F-1 Immigration Information
This information is to help you follow the rules of your F-1 visa category and maintain your legal F-1 standing in the United States. Although the ISSS team is here to help you and your dependents maintain valid status, the legal responsibility is ultimately yours, so it is important for you to stay up to date on requirements, read your documents, and ask questions.
- Address Information
You must submit new address information through Ursa whenever your address changes. The U.S. government wants to know within 10 days any time you move while you're in the United States -- that includes moving from one room to another in the same dorm, or changing from one apartment to another in the same building complex.
Mailing Address in Ursa is what you use for your local living address in the United States. It should always include your full street address including apartment number or room number, if you are not in a single-family house.
Permanent Address or Foreign Address are used to record your home address information outside the United States. Please remember to update these if your address at "home" changes.
Please make sure you keep your phone numbers up to date in Ursa as well.
- Full Time Enrollment Required
The primary reason you come to the United States as an F-1 student is obviously to study. F-1 Students must be enrolled full time during fall and spring semesters, and full time in the summer if it is their first term. Full time enrollment means
- Intensive English Program - 18 contact hours per week
- Undergraduate/Bachelor's - 12 credits per semester
- Graduate/Master's/Ph.D. - 9 credits per semester, depending on program. There are additional exceptions for students enrolled in thesis or dissertation credits.
One online class of up to three credits can count towards the full time load requirement for academic students. English language learners cannot take any online classes. There are some exceptions to the full time enrollment, but a reduced course load must be approved in advance by ISSS.
You must also continue to make "normal progress" in your academic program.
- Authorization for Training and Employment
It is important that all of your immigration documents are correct and up-to-date at all time s during your stay in the United States. The ISSS team must report information on every student during each academic term, and whenever something happens that the government considers a "reportable event." Regularly check all of your documents to be sure they are valid. Submit copies of any new passports, visas, or I-94s whenever you get them.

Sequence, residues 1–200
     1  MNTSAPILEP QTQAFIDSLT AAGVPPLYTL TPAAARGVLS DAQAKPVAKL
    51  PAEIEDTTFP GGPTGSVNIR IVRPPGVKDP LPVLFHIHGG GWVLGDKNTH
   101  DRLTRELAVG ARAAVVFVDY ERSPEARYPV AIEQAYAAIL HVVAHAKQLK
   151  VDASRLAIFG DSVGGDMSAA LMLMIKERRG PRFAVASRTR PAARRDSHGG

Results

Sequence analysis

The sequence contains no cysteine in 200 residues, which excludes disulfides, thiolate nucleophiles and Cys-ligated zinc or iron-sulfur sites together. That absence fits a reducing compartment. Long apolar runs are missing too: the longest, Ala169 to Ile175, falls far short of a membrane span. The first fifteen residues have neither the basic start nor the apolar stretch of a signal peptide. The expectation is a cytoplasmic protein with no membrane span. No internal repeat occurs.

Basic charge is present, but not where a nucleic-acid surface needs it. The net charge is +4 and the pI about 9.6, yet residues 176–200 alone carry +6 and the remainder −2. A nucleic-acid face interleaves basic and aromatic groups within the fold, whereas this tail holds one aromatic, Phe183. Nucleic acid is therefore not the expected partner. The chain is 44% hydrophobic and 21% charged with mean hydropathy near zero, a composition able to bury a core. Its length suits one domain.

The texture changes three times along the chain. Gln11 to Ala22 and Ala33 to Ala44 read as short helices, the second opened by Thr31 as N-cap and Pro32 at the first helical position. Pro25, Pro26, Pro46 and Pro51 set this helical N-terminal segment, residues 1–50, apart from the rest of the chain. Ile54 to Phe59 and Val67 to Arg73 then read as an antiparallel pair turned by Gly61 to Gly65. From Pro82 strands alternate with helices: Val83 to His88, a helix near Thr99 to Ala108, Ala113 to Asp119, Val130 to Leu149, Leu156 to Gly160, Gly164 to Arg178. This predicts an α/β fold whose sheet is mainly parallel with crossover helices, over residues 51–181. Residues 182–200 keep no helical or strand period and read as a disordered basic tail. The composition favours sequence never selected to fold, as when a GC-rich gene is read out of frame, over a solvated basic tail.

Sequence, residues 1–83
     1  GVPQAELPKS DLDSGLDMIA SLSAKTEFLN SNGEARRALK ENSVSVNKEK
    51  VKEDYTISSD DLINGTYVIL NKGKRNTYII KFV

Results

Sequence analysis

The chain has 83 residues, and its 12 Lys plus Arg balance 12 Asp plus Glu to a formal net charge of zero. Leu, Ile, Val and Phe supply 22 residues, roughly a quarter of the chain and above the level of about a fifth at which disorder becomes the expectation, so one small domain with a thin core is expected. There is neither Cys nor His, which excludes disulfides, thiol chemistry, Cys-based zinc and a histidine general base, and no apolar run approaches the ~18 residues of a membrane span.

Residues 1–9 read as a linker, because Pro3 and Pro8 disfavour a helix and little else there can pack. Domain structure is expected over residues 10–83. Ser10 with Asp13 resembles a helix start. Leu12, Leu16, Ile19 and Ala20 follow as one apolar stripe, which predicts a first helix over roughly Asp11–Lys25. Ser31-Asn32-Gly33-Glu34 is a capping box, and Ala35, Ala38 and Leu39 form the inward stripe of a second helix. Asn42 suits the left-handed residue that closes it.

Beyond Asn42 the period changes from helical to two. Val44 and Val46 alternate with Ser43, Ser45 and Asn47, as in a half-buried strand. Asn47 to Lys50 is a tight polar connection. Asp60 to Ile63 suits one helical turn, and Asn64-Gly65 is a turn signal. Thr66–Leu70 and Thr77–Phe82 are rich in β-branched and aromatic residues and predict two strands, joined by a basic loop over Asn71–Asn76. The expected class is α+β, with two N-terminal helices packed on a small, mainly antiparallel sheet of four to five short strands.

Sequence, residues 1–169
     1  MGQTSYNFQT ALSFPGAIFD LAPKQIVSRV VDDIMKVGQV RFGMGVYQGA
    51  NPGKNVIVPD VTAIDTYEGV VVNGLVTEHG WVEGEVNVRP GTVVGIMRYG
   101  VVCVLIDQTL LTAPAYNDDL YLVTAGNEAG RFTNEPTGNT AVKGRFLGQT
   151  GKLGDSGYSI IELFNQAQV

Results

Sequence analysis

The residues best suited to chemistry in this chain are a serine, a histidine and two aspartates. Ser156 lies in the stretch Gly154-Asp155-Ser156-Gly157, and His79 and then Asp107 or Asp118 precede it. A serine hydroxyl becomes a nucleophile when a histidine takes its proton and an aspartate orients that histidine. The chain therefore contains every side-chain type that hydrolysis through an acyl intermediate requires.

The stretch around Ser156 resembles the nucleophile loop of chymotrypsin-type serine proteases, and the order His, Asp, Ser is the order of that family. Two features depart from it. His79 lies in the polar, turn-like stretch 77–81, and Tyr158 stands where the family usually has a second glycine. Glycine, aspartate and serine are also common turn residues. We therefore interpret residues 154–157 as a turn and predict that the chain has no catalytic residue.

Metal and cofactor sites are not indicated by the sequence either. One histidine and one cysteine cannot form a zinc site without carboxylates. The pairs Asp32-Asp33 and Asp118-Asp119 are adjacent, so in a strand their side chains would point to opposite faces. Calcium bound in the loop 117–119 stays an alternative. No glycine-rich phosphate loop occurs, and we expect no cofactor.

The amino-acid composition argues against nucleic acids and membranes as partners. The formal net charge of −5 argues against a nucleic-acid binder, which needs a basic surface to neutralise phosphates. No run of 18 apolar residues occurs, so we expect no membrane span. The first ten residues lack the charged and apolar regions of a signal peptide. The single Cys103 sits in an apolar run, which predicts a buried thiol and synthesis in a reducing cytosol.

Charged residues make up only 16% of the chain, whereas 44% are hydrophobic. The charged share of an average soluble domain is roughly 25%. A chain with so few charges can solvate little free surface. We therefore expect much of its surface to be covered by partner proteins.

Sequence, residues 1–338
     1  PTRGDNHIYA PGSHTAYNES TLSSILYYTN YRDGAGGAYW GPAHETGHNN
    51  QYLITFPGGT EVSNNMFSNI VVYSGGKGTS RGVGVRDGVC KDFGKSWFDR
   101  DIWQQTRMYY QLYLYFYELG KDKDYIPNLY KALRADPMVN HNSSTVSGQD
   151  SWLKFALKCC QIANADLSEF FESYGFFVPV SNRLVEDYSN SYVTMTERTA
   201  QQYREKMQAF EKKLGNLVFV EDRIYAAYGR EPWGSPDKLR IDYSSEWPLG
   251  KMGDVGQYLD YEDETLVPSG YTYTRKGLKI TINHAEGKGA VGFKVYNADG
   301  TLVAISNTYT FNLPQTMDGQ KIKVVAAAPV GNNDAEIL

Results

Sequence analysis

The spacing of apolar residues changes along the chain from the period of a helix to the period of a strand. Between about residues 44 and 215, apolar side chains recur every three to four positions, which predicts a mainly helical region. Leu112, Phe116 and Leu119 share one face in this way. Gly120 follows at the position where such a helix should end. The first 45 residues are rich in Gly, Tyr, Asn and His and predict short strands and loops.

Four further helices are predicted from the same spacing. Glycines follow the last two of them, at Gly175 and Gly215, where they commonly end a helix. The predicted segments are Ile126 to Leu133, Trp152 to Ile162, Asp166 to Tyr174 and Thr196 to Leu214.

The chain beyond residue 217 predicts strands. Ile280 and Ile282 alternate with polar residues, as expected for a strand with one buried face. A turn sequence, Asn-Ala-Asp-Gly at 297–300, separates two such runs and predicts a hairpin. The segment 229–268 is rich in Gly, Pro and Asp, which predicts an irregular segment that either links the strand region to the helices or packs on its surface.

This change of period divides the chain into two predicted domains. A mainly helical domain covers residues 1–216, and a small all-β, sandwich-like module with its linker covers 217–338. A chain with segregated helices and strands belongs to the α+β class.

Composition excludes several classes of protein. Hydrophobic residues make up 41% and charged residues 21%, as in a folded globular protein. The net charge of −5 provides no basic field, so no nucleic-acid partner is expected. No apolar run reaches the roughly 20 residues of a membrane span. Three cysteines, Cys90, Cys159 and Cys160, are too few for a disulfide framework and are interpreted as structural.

Before you travel outside the U.S., make sure that you have a valid travel endorsement (signature) on page 2 of your unexpired I-20 (and your dependents' I-20s). Travel signatures cannot be more than a year old when you re-enter the United States. You must also have a valid visa and passport valid for at least six months after you enter.
When you re-enter, it is important to verify that you have entered in the correct status. Always check your passport for an entry stamp that is marked "F-1" and "D/S" (or "F-2" and "D/S" for your dependents). Also check your I-94 Arrival/Departure record online for the correct entry information. Save a copy and upload one to your UNC Global profile.
Travel can be complicated. See our additional travel information here.
F-2 dependent spouses may study part time, but may not engage in any employment or work of any kind while they are physically in the United States. F-2 spouses who wish to study full time must apply for a change of status or get a new F-1 visa to return in F-1 status.
F-2 dependent children must enroll in school full time between the ages of 6 and 16. F-2 dependent children "age out" (are no longer eligible for dependent status) at age 21.
Please see your ISSS advisor for additional information and assistance on changing status and aging out.
- TransfersStudents transferring to another SEVIS approved school may do so during their 60 day grace period after completing their program, or may request a transfer before completing their studies here, however, you must remain enrolled full time until your transfer takes effect. Transfers require you to provide your admission letter to the new university and to complete our transfer out form.